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Volvo Isn’t Considering Locking the EX90’s Best Features Behind Subscriptions... Yet

Volvo’s new EX90 flagship electric SUV packs in safety tech like lidar and other sensors that the company says will be available to everyone at launch.

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An image of the Volvo EX90 electric SUV.
Volvo’s next flagship will be all-electric.
Photo: Volvo

It’s a big year for Swedish automaker Volvo as it’s preparing to roll out its new flagship SUV, which for the first time will be all-electric. The EX90 was first unveiled at the end of 2022 and Volvo has been sharing more and more details about the new car ahead of its launch for the 2024 model year.

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When it finally hits the road next year, the EX90 will pack in an all-new design, sustainably sourced interior and more cameras and sensors than you can shake a stick at. Chief among those will be an array of sensors inside the car that can detect when you forget a passenger in the back seat and an all-new lidar system mounted to the car’s roof


“One thing you’ll see on the EX90 that’s not on any of our other cars right now is our roof-mounted lidar, which we consider our next safety belt,” Gaurang Kalsaria, head of future vehicles at Volvo Cars Americas, told Jalopnik at a preview of the new car this week in New York City.

“It’s bringing Volvo into our new era of safety and is going to help the car see over two football fields away, even in complete darkness.”

A render of the Lidar sensor on the roof of the EX90.
I sense a disturbance in the force.
Image: Volvo

As well as the lidar up top, the car also crams 16 ultrasonic sensors, eight cameras and five radar modules into its body panels. Volvo even engineered tiny water jets around the front and rear cameras to keep them clean year-round.

All these sensors and cameras will come as standard on the EX90, which will start at “under $80,000" according to Volvo. That’s partly because the systems have been so deeply ingrained in the design of the whole car.

“The teams worked very closely,” Kalsaria told Jalopnik. “Especially with the lidar that’s mounted on the roof, they tried to integrate it as much as possible to help with the aerodynamics. As technology evolves, we’re going to look to make it even more streamlined into the roof. But, the design team definitely worked with the engineers there to integrate it as much as possible.”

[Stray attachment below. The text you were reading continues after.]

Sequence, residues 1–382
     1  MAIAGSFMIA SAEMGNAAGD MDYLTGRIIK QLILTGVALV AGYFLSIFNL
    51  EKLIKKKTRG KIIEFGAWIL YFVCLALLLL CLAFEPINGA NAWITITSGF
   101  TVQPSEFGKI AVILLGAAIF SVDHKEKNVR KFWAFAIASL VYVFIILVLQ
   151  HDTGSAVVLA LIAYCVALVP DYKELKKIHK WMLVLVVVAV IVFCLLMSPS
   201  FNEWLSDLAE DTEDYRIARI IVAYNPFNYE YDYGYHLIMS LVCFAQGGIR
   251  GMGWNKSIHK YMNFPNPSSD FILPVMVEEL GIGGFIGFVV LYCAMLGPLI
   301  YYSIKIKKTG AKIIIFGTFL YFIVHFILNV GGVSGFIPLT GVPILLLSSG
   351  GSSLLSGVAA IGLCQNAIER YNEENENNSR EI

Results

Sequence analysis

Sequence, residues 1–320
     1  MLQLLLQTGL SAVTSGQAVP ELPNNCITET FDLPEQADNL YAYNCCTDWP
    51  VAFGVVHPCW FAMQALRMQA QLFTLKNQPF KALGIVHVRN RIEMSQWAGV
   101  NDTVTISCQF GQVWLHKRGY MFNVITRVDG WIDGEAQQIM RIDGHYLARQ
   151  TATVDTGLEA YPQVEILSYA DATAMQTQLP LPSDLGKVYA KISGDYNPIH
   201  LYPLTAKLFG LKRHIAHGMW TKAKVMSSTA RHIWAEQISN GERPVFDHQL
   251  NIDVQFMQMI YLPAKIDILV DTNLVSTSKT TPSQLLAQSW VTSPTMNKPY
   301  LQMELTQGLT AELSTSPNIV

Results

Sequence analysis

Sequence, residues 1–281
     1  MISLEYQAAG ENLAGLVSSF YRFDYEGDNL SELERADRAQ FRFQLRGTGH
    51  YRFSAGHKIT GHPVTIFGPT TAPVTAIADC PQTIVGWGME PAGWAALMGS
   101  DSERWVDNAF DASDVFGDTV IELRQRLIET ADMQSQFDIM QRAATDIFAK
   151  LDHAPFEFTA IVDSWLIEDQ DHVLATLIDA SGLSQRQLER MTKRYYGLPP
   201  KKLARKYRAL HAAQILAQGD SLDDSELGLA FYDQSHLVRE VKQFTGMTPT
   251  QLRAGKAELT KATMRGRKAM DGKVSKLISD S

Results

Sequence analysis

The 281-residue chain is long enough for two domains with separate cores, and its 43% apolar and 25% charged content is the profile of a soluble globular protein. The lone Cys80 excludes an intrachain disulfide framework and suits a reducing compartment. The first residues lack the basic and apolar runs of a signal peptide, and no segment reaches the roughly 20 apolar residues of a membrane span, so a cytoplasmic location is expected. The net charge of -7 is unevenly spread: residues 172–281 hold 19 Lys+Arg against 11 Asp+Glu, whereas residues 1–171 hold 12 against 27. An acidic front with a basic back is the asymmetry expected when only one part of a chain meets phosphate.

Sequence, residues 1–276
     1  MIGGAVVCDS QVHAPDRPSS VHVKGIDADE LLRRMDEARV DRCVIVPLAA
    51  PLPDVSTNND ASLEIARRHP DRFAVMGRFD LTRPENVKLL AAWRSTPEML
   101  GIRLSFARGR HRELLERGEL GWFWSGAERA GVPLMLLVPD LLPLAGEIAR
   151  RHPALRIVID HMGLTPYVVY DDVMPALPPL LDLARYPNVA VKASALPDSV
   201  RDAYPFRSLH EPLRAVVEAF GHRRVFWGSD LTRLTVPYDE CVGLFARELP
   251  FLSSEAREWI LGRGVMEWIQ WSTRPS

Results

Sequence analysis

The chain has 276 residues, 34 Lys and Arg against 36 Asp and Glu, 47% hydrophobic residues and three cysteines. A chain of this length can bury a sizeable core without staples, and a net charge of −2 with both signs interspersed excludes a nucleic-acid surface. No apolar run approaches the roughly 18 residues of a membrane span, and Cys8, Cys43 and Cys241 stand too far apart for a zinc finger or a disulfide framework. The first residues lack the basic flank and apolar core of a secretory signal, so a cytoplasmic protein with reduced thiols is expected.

A photo of the interior of the EX90 SUV.
Sensor inside the car can detect someone forgotten on a back seat.
Photo: Volvo

What’s more, once the systems are installed in the car, Volvo says it will be able to unlock future potential via over-the-air updates that can be sent out to customers. This is especially true of the company’s self-driving tech, which won’t be available on the new electric SUV at launch, but could ship to EX90 drivers later in the car’s life.


As we’ve increasingly seen from automakers like BMW and Volkswagen, software patches like this can sometimes be locked behind a paywall or subscription service. This leaves buyers with a lifetime subscription that follows them wherever they drive.

So, is Volvo planning a similar tact with the tech offered in the EX90? Well, Kalsaria isn’t so sure.


When asked about the possibility of Volvo launching subscriptions for the EX90s top features, he said, “Honestly, we haven’t really thought about how we’re going to be offering all this new technology. A lot of people are going that way, but it’s still a decision we have to take. With subscriptions, we’re not too sure what we’re going to be doing there.”

A photo of the rear quarter of the Volvo EX90 SUV.
The EX90 will launch with the 2024 model year.
Photo: Volvo

What’s important to note is that all the safety features that come with the EX90's array of sensors will work straight from the dealership as standard. The lidar system will be able to detect hazards in the road and slow the car to a stop, and alarms will sound if you leave your sleeping child in the back seat. The car will even be able to detect if the driver’s eyes are focused on the road ahead. It’s impressive stuff.

So clearly, Volvo’s brightest minds are focused on getting the first EX90s out to customers before they start considering pricing models for potential future technology. For now, at least.